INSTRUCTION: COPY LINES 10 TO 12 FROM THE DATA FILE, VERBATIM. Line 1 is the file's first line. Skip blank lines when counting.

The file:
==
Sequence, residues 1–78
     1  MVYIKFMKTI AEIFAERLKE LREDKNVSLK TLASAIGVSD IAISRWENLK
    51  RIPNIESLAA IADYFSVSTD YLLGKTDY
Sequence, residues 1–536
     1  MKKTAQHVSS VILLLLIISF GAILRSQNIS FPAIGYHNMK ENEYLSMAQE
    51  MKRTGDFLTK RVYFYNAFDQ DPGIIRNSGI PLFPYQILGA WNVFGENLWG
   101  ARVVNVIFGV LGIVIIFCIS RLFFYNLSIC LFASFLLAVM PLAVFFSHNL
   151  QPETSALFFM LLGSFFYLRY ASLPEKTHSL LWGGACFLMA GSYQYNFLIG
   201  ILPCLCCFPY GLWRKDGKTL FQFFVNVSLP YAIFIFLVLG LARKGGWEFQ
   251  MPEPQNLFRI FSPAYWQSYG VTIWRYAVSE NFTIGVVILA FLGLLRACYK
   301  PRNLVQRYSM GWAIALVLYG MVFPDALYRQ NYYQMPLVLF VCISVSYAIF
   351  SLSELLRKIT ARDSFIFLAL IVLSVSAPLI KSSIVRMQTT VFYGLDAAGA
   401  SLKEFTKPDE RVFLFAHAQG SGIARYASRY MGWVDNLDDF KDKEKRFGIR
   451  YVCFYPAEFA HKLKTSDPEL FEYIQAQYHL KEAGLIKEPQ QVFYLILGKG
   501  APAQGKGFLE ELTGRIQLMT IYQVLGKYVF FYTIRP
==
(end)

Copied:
   251  MPEPQNLFRI FSPAYWQSYG VTIWRYAVSE NFTIGVVILA FLGLLRACYK
   301  PRNLVQRYSM GWAIALVLYG MVFPDALYRQ NYYQMPLVLF VCISVSYAIF
   351  SLSELLRKIT ARDSFIFLAL IVLSVSAPLI KSSIVRMQTT VFYGLDAAGA